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CZ 250 MotoCross 1971



  • CZ


  • 250 MotoCross


  • 1971

In a recent Shepster Towers quiz, we asked the team to name anything Czechoslovakian. Anything at all. With plenty of silence to go-around, we opened a map and realised our folly – apparently it’s not the 80’s and it’s called the Czech Republic. This didn’t make it any easier. The silence was deafening! A book-end colleague, when pressed severely with a Chinese-burn, mentioned Kafka, then redeemed himself with Budvar. So, not one of the most iconic dirt bikes ever made, then?

The now discontinued Ceske-Zavodny company built their name in the world of 1960s and early ‘70s motocross, with Belgian pair Joel Robert and Roger DeCoster setting hearts fluttering across the globe. DeCoster started his career with the company on the 250cc and 500cc models. Commonly referred to as “The Man”, DeCoster won the Gold in the International Six Days Trial, the 1964 Belgian National Championships in ’64 and 66, and the Grand Prix in 1968. DeCoster then moved onto Suzuki, and cemented his place in history as, well, “The Man”. But really, it’s Joel Robert that set steins of Budvar’s clinking. Quite simply, his record is phenomenal. Although Robert started his career at Greeves, he dominated the 250 cc Champions for six years between ‘64 and ’69. Fascinatingly, the two joined each other at Suzuki in the early 70’s, yet they seem to contrast each other immensely: DeCoster, a fitness fanatic focused on durability and physicality, and then Robert, a smoking lazy-bum putting out cigarettes on competitors’ handlebars before a race. But between them they put Suzuki on the motocross map.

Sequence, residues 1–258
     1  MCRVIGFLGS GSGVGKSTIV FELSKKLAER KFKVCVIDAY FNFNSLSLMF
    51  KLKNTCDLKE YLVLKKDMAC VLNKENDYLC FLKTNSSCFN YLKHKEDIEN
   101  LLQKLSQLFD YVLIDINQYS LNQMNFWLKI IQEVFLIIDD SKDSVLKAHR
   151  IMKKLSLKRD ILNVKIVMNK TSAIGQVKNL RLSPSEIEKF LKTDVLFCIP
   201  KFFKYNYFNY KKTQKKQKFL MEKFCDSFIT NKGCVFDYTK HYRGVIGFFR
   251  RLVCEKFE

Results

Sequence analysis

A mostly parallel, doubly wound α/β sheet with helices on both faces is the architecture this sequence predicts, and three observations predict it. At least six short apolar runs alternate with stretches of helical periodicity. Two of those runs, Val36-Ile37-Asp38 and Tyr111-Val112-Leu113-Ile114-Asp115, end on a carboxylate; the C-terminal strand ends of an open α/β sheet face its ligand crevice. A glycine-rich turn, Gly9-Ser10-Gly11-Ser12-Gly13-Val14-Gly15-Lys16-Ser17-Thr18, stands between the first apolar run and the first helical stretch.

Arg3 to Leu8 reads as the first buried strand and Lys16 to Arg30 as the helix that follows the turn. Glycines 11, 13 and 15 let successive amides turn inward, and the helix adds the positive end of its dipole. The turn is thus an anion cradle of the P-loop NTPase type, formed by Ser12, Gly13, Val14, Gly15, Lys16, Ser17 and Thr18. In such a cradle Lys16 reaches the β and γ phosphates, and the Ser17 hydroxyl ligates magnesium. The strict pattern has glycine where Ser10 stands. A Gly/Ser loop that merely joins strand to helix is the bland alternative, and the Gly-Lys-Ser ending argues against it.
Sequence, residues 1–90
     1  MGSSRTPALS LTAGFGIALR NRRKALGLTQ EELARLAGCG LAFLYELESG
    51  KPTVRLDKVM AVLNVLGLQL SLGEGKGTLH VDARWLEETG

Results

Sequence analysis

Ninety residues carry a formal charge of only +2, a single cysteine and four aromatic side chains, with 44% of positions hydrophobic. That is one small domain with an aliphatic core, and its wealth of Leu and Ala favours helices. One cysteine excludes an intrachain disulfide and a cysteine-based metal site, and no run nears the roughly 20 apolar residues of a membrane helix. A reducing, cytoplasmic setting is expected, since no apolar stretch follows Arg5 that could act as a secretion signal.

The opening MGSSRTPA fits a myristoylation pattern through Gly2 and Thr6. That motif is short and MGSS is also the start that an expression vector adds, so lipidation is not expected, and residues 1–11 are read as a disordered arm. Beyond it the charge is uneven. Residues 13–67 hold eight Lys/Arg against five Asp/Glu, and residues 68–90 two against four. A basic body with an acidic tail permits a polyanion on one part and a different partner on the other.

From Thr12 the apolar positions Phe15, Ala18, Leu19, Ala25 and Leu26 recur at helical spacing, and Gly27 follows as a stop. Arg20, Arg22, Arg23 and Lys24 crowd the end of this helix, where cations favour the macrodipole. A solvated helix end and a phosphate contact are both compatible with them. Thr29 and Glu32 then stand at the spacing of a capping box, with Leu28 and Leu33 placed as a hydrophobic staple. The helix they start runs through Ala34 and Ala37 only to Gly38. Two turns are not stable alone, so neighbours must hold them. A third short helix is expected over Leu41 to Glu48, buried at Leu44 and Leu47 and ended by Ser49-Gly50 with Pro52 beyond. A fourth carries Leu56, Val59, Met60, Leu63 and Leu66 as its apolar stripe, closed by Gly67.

So why the infatuation with effectively a single cylinder, 246 cc motorcycle generating a whopping 31hp? They have real pedigree, for a start. The first CZ rolled off the, erm, probably workbench, in 1932. Secondly the bike is extremely distinctive. CZ used red gas tanks in the late ’60s & 1970, the eye-drawing yellow tank in 1971-72, the steel coffin tank in 1973, and the flat-silver coffin tank in 1974. Thirdly it was simply the feel of the bike. To paraphrase one magazine, the CZ was a superb-handling motocross weapon. As with most illustrious names of old, CZ’s dominance left with its famous riders. Cagvia tried to kickstart the motorcycle branch of the company in 1993, but ailed and collapsed it a few years later. CZ sadly now mainly sell machine parts and tools.

When hunting for these beauties as a collectors’ item, you’d be hard pressed to go beyond the wonderful yellow tank models. Having said that, check out this amazing 1972 renovation. We’re reliably told that if you can find a twin-pipe model, grab it like a fat kid on cake. A mint-condition CZ will still reach $15k AUD, which is a ridiculous sum for something almost knocking on half a century. As sad as it is to see another great name consigned to the scrap heap, you could say CZ had it coming. According to DeCoster, they constantly struggled even when they were winning as the mechanics would sell the riders parts on the way to the races. With the emergence of Suzuki and their subsequent dominance, CZ just could not compete. That being said, I wonder how much Suzuki spent on buying Czech spare parts in the 70’s?


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